CARACAS – The main campus of Universidad Central de Venezuela, located on the west side of Caracas, is one of the icons of the nation’s capital. Built in the 1940’s and declared a UNESCO Heritage Site, it’s here where all kinds of students come to study in one of the 40 departments that make up the Venezuela’s oldest and largest universities.

UCV is the flagship public university—a few others, of similar size, scope, and structure exist in different regions. They not only offered free education for undergraduate students; In most cases they had a cafeteria free for students and faculty members, access to health services, and their own citywide bus system, all subsidized by the government.

But like everything else in Venezuela, colleges and universities have been deeply affected by the ongoing social and economic crisis. One that affects the current education of college students and also puts into jeopardy newer generations of professionals.

Alejandro Terenzani, head of the Department of Social Communications, has been teaching at UCV for 27 years. From working with a budget set in 2008, to classes that spent up to two months without a professor, the picture he paints is grim and the problems plenty.

“There’s no cafeteria, because the budget ran out. It was set up for three months and there’s nothing left. So, there’s no place to eat,” he told Latino USA. “There’s no way to arrive here. The university buses, which used to be many and constant, are now few and irregular.”

“Many times, a student drops out because they can’t afford it,” Terenzani adds, with some pain. Between a four-digit inflation and the shortages of basic goods, many young people are forced to work to support themselves and their families or simply decide to migrate.

According to data provided by the university authorities, UCV went from having 47,000 undergraduates almost a decade ago to 32,000 in 2017. And the same pattern can be seen elsewhere. For instance, Universidad del Zulia in western Venezuela reported an average of 400 students dropping out every month.

And students aren’t the only ones leaving. In 2017 alone, 1,200 college professors resigned from Universidad Simón Bolívar, the other major public university in Caracas. The same situation is seen all over, and it’s becoming increasingly difficult to find proper replacements.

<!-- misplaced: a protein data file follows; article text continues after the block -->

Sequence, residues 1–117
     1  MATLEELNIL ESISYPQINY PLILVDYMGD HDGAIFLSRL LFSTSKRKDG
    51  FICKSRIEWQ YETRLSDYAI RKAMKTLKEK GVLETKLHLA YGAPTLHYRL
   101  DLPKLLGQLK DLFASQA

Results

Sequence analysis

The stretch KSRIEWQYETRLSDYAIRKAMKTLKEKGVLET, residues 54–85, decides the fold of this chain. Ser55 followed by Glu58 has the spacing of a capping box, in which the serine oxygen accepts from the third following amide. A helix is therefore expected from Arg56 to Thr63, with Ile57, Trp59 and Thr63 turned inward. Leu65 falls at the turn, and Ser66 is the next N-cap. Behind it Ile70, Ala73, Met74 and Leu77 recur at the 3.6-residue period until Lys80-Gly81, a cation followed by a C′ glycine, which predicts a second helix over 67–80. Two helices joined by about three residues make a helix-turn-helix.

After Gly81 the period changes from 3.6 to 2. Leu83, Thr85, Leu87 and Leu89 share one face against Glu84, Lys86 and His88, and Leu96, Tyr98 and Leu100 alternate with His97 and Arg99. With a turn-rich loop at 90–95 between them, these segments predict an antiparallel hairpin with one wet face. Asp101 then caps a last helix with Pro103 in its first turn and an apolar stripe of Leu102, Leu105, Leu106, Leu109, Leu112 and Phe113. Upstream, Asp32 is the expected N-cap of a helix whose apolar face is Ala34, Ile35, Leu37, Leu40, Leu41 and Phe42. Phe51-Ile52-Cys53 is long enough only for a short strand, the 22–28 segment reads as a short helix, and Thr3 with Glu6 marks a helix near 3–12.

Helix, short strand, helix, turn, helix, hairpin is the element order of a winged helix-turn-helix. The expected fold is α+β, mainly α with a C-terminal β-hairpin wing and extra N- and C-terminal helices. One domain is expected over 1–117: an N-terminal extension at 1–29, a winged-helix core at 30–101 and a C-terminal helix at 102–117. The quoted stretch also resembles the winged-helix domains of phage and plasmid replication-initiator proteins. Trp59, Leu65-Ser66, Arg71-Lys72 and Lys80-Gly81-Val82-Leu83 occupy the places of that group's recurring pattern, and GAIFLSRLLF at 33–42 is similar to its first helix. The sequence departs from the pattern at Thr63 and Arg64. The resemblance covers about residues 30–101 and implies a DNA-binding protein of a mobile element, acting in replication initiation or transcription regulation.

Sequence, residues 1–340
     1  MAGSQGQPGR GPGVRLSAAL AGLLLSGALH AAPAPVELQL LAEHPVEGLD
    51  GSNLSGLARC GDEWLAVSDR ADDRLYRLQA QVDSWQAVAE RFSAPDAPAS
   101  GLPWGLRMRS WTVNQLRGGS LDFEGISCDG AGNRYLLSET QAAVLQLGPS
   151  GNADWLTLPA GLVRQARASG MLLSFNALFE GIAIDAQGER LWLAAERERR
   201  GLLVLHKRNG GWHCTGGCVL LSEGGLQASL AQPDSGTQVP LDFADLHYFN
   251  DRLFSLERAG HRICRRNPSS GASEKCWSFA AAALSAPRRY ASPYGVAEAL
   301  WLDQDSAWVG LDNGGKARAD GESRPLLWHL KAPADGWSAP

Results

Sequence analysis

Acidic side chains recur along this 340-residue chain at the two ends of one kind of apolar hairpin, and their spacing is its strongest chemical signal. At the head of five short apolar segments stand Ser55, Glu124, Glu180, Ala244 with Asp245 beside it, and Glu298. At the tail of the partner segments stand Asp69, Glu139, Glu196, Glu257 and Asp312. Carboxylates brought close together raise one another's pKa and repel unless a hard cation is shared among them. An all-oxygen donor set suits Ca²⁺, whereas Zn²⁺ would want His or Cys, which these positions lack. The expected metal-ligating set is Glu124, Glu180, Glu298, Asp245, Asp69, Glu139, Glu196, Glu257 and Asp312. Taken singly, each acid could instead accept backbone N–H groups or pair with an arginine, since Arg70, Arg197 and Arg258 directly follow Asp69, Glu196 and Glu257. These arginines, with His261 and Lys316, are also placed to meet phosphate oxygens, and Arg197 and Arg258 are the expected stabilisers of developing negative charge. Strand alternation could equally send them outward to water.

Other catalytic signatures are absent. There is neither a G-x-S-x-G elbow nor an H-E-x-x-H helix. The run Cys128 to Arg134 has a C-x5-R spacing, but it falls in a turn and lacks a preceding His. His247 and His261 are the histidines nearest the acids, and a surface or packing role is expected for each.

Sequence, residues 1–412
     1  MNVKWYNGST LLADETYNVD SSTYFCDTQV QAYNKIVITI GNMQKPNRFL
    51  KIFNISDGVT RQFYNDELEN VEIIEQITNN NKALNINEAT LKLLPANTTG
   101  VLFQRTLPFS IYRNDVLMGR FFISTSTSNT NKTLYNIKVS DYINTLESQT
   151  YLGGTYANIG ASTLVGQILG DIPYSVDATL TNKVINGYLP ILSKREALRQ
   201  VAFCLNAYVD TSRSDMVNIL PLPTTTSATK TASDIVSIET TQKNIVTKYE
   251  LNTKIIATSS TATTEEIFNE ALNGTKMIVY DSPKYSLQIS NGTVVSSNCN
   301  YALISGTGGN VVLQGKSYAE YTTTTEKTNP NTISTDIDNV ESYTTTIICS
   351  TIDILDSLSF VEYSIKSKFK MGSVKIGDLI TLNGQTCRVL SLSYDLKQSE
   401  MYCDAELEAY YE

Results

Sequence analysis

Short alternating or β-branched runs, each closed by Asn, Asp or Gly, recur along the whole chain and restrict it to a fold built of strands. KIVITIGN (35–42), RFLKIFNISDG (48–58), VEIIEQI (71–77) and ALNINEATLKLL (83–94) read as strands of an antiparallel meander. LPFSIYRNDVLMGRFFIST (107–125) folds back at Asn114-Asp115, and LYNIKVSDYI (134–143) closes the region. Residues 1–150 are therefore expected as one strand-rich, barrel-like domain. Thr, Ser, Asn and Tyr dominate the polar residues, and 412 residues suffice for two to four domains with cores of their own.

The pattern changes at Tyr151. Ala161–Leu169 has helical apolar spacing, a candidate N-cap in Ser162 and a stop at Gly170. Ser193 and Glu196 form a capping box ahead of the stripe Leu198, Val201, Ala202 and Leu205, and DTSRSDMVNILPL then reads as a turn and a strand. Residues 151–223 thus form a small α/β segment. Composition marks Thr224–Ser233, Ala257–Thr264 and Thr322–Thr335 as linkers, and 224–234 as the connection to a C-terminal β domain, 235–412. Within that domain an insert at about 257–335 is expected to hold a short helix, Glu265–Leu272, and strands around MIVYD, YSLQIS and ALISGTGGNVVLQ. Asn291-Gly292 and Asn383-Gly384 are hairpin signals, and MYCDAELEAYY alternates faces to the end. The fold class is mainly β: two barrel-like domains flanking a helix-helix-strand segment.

In most cases, many of these jobs are occupied by a contrast of middle-aged to senior professors, some out of retirement, and recently graduated students who teach a college class as their first job.

Many times, they are forced overwork themselves in order to teach several classes. Sometimes they also find themselves teaching two or three combined groups. And most of those who teach, do it for solidarity to the institution, knowing there’s a probability that no one would replace them if they left.

The professors and educators certainly don’t do it for the salaries, which in most cases is erratic and, in some colleges, barely cover the expenses required to give a class.

In Early April, the government raised the salary for college professors and employees by 50%. However, this wasn’t met with joy or excitement—due to the speed of Venezuelan inflation, by the time many of them can actually cash their money, which can take up to 6 months, it will probably be less than the value of their current salary.

And this situation doesn’t fare any better outside Caracas, with public universities working with less resources and facing a deeper decay than in the capital.

In the Andean region, Universidad de los Andes had to suspend classes on Bioanalysis and Pharmacology until further notice due to shortages. Also, in the last few months, ULA has had an average of three-to-six-hour blackouts per day, which was met with several protests by the students.

Universidad de Carabobo, in central Venezuela, passed an emergency class schedule to address crime, which has forced most universities to finish activities before sunset. Last December José Corado, the university’s Dean of Health Sciences, was detained by robbers at his office and taken to his residence, were he was tied up while the thiefs emptied his place.

His response to the emergency schedule was an effusive rant against what he perceived was a generalized indifference and a passive submission, not only to the problems of UC or any other university, but to the ongoing crisis itself:



“What are we doing?” he said, demanding that university members protest, “We need an active stoppage.”

From six universities and 11,000 college students in 1958 to 770,000 students in 145 institutions in 2001, college education has come a long way in Venezuela. The have  withstood military dictatorships, some which closed them down for years, and evolved from cloisters for the colonial elite to symbols of social mobility and educational democratization.

As forecasts of the future become bleaker, these institutions must endure in order to continue to shed light over what for many Venezuelans is the country’s darkest hour.

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